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49-year-old Couzens pleaded guilty to her murder in July and was handed a rare whole-life sentence due to the “exceptionally high severity” of the crime.
Wayne Couzens abducted Sarah Everard in South London on the pretence of arresting her, before raping and murdering her. He then disposed of her body by setting fire to her and dumping her remains in a pond.
He was working within the diplomatic and parliamentary protection unit of the police at the time he carried out the crime.
The judge, Lord Justice Fulford, described the former policeman’s crime as “devastating, tragic and wholly brutal”.
He continued: “The misuse of a police officer’s role such as occurred in this case in order to kidnap, rape and murder a lone victim is of equal seriousness as a murder for the purpose of advancing a political, religious or ideological cause.”
Now, Sarah Everard’s killer is challenging his sentence as part of a review by the Court of Appeal that took place this week.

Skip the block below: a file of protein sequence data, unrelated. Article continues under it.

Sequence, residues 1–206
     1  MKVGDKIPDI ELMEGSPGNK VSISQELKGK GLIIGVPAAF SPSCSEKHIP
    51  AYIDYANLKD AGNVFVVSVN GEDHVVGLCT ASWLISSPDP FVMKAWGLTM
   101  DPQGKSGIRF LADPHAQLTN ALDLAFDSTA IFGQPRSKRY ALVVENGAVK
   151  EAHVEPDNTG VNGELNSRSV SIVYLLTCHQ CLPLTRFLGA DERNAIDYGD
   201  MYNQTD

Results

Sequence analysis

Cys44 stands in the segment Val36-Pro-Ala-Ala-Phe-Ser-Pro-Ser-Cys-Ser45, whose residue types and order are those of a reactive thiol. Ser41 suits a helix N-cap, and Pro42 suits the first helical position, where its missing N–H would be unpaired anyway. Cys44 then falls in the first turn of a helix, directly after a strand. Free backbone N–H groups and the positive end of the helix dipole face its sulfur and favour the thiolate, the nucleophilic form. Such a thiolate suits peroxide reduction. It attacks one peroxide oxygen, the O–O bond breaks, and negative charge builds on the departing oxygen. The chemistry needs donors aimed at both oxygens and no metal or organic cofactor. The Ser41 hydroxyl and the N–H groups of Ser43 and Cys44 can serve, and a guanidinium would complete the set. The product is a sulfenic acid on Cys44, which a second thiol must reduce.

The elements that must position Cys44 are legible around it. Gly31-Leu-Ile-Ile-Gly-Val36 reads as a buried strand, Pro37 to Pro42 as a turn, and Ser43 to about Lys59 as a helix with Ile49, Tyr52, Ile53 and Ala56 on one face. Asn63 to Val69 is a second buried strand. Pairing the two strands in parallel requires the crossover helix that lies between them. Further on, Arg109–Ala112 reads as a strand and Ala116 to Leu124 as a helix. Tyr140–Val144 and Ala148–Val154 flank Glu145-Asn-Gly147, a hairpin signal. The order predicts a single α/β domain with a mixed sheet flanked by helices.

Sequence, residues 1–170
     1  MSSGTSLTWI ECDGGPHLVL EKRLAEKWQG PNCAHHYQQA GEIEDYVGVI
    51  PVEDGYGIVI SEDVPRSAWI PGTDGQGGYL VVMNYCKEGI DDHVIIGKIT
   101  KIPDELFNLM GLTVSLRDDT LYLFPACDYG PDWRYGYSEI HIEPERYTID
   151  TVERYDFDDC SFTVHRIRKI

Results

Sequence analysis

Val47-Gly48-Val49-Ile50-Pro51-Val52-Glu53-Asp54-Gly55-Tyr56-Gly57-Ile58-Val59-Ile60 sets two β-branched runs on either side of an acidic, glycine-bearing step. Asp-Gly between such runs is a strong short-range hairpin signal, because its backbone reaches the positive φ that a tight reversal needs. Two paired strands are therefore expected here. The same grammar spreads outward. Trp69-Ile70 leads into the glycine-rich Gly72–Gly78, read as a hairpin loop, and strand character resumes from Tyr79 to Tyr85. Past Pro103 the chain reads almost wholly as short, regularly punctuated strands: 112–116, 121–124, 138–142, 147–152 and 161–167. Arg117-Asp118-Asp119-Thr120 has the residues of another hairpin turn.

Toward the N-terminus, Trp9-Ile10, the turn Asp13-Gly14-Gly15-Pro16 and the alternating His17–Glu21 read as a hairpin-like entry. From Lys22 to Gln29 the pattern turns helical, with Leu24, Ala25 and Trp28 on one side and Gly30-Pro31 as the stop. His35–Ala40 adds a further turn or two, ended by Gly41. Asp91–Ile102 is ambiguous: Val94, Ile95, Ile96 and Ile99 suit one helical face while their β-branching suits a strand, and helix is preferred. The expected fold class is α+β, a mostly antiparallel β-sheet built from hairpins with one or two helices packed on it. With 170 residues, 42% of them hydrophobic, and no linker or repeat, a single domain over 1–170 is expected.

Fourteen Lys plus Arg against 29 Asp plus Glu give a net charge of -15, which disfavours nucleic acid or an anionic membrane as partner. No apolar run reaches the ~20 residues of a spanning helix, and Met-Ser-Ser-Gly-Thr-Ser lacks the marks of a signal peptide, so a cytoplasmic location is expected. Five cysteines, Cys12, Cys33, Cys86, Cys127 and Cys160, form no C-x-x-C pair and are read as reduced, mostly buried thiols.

Couzens’ lawyer is arguing that he deserves “decades in jail” but not a whole-life sentence, saying that his remorse and guilty plea should be taken into account.
Tom Little QC, representing the Attorney General’s Office and Crown Prosecution Service, responded that “A police officer is in a uniquely powerful position”, and went on to conclude that the crime was of the “utmost seriousness”.
“The judge was entitled to form the view that he did in relation to a lack of genuine contrition,” he added. “The whole-life order was the right sentence to impose in this wholly exceptional case.”
We will continue to update this story.